A national march to oppose "femicide"—under the slogan Ni Una Menos or "Not One Less"—brought tens of thousands to the streets of Lima on Aug. 13. Peru's new president Pedro Pablo Kuczynski spoke at the start of the march, pledging: "We will promote a culture that does not tolerate violence." The march comes as a response to past rulings in cases of violence against women perpetrated by their partners. According to the Ministry of Women and Vulnerable Populations, there are 54 reported cases of women killed ay the hands of their spouse or partner so far this year. Such attacks constitute a leading cause of mortality among women in Peru. There have been 118 cases of attempted killings of that nature this year. In 2015, there were 95 such killings, and 198 attempted cases.
Another indigenous leader has been assassinated in Honduras, with local activists reporting July 6 that Lesbia Yaneth Urquía was found dead near a municipal dump with severe head trauma. Urquía, 49 and a mother of three, was a local coordinator of the Council of Popular and Indigenous Organizations of Honduras (COPINH) in Marcala, La Paz department, where she was slain. COPINH, which leads local efforts for land recovery and against destructive development projects, has seen a string of assassinations of its leaders this year—starting with that of co-founder Berta Cáceres in March. Said COPINH in a statement: "The death of Lesbia Yaneth is a political feminicide, and an attempt to silence the voice of those brave women who are courageously defending their rights and opposing the patriarchal, racist and capitalist system of their society."
Under the plan now being formalized for demobilization of Colombia's FARC guerillas, special zones are to be established for fighters to "concentrate" and then be integrated into civilian life. There are respectively being called Encampments and Veredal Zones of Transition and Normalization—a reference to veredas, as unincorporated hamlets are known in Colombia. There are to be eight Encampments: at Fonseca, Guajira department; Vigía del Fuerte, Antioquia; Riosucio, Chocó; Tierra Alta, Córdoba; Corinto, Cauca; San Vicente, Caquetá; Losada and Macarena, Meta; and Puerto Colombia, Guainia. There are to be 23 Veredal Zones in 12 departments: Cesar, Norte de Santander, Antioquia, Tolima, Cauca, Nariño, Putumayo, Caquetá, Arauca, Meta, Vichada, and Guaviare. The Defense Ministry says it will guarantee the security of nearby localities. But the plan is still meeting with some opposition from regional leaders. the governor of Tolima, Óscar Barreto Quiroga, states that he will oppose the location of any concentration zones in his department. (Colombiano, Kronista.co, June 25; El Colombiano, El Tiempo, El Tiempo, El Tiempo, El Pais, El Heraldo, June 24)
Rojda Felat, a Kurdish revolutionary feminist, is leading the US-backed Syrian Democratic Forces' offensive on Raqqa, capital of the Islamic State's self-declared caliphate. A three-year veteran of the struggle against ISIS, she is serving as commander of 15,000 Kurdish and Arab fighters, backed by US special forces and warplanes, under the banner of the SDF. "My main goal is liberating the Kurdish woman and the Syrian woman in general from the ties and control of traditional society, as well as liberating the entirety of Syria from terrorism and tyranny," she told the London Times.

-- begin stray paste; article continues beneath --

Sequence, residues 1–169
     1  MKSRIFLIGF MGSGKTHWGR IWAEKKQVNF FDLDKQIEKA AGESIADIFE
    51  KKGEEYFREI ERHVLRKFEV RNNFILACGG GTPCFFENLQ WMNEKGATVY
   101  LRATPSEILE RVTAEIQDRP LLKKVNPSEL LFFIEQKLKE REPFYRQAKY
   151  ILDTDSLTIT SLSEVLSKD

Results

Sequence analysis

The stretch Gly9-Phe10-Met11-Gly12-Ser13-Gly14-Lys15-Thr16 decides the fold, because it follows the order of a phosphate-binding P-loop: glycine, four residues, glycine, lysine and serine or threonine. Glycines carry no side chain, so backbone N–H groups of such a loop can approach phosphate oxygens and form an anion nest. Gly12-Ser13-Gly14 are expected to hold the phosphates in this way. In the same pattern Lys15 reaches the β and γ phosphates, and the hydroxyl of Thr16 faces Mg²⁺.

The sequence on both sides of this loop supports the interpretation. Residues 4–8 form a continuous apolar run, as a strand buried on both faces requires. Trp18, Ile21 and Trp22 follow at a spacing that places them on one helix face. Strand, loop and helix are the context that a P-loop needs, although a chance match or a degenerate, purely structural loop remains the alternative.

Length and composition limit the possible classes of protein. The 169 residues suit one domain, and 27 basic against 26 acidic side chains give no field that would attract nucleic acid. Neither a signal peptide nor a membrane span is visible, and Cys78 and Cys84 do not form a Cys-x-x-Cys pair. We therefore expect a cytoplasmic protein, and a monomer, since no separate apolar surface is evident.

A new massacre is reported from Ciudad Juárez, again raising fears of a return to the wave of deadly gangland violence that convulsed the Mexican border city for much of the past decade. Eight members of a single family—including two four-year-old girls and a six-year-old boy—were killed in their home Nov. 17 in the colonia (neighborhood) of Morelos Zaragoza. The bodies of the children were found on their beds, with multiple stab wounds, as were those of two young women. The two men were on armchairs, handcuffed and gagged. A two-month-old baby, known to have lived in the house, was not found among the dead. The family had been planning an event for their Jehova's Witnesses congregation when the attack took place. (Pulso, IOL, Proceso, Nov. 17)
A vigilante calling herself Diana the Hunter (Diana la Cazadora) claimed credit in a series of communiques for the slaying of two bus drivers last week in northern Mexico's Ciudad Juárez, saying the killings were revenge for sexual abuse of women by night-shift drivers. "I and other women suffered... but we can't stay quiet," one of the e-mails said. "I am the instrument of vengeance for several women." Witnesses to the first killing Aug. 28 said a black-clad woman with a blonde wig or dyed hair approached the driver, took out a pistol, shot him in the head and left the bus. The same killer told the second victim before dispatching him, "You guys think you're real bad, don't you?" The targeted bus line brings many women back and forth from the maquiladoras that ring Ciudad Juárez.
Mexican human rights activist Karla Castañeda Alvarado applied for political asylum in the US on Feb. 13 after secretly leaving her home in Ciudad Juárez in the northern state of Chihuahua with four of her children. US authorities have granted her six months to provide documentation to justify her application. The Committee of Mothers and Relatives of Disappeared Young Women, in which Castañeda was active, said it was better for her to seek asylum, noting the example of activist Marisela Escobedo Ortiz, who was shot dead by an unidentified man on Dec. 16, 2010, as she was protesting in front of the main government office in the state capital, also named Chihuahua.